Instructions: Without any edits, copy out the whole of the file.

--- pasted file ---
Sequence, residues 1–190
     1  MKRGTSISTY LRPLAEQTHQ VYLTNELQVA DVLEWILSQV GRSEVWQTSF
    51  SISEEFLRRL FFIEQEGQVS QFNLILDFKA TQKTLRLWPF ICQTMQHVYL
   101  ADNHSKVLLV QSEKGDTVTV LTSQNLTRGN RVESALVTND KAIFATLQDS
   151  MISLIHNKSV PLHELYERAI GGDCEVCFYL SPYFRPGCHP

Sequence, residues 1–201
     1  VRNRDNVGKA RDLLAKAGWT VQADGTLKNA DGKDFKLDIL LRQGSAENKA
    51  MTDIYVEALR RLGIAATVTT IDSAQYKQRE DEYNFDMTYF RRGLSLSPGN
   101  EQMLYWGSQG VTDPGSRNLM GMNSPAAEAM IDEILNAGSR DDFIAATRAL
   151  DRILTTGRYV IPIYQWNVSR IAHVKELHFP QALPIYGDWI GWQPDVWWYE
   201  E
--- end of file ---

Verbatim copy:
Sequence, residues 1–190
     1  MKRGTSISTY LRPLAEQTHQ VYLTNELQVA DVLEWILSQV GRSEVWQTSF
    51  SISEEFLRRL FFIEQEGQVS QFNLILDFKA TQKTLRLWPF ICQTMQHVYL
   101  ADNHSKVLLV QSEKGDTVTV LTSQNLTRGN RVESALVTND KAIFATLQDS
   151  MISLIHNKSV PLHELYERAI GGDCEVCFYL SPYFRPGCHP

Sequence, residues 1–201
     1  VRNRDNVGKA RDLLAKAGWT VQADGTLKNA DGKDFKLDIL LRQGSAENKA
    51  MTDIYVEALR RLGIAATVTT IDSAQYKQRE DEYNFDMTYF RRGLSLSPGN
   101  EQMLYWGSQG VTDPGSRNLM GMNSPAAEAM IDEILNAGSR DDFIAATRAL
   151  DRILTTGRYV IPIYQWNVSR IAHVKELHFP QALPIYGDWI GWQPDVWWYE
   201  E